Masses in American Sign Language bring God's word to hearing impaired
Published: May 24, 2006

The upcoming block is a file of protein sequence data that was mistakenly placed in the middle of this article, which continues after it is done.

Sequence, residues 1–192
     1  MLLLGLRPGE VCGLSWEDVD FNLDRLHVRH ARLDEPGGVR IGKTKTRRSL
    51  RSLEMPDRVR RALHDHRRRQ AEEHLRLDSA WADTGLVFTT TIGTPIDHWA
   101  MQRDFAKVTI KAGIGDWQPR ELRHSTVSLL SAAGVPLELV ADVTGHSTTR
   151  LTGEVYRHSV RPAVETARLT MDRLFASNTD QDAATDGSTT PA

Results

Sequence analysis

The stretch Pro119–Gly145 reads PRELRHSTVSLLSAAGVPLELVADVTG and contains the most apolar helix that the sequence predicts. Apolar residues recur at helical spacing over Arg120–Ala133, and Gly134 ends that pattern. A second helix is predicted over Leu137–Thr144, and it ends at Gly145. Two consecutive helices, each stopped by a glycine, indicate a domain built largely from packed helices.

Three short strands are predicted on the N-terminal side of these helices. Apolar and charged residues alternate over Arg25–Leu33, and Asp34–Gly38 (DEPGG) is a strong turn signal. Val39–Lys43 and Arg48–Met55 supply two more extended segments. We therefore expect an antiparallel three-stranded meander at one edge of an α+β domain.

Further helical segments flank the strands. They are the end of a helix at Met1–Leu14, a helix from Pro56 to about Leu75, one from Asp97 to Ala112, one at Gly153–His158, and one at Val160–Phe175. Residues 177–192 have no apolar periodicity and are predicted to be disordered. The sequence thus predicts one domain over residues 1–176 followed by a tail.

METUCHEN, N.J. (CNS) -- So that all may share equally in the beauty and mystery of the Mass, the Diocese of Metuchen offers opportunities for Catholics to worship in 10 spoken and one entirely silent but expressive language, American Sign Language. Approximately 5.7 million deaf and hearing-impaired Catholics live in the United States, according to the Web site of the National Catholic Office for the Deaf at www.ncod.org. In Metuchen, the Catholic Deaf Ministry offers Masses with sign-language interpreters at three locations on a regular basis and at additional special liturgies. Tevis Thompson, program coordinator, explained the differences in spoken versus signed Masses. "ASL is a conceptual language. English idioms such as 'it's raining cats and dogs' don't translate," she said. Homily interpretation can vary, but the liturgy itself is identical to that for the hearing. "The readings and prayers at a deaf Mass are exactly the same; there is no extra narration," she said.
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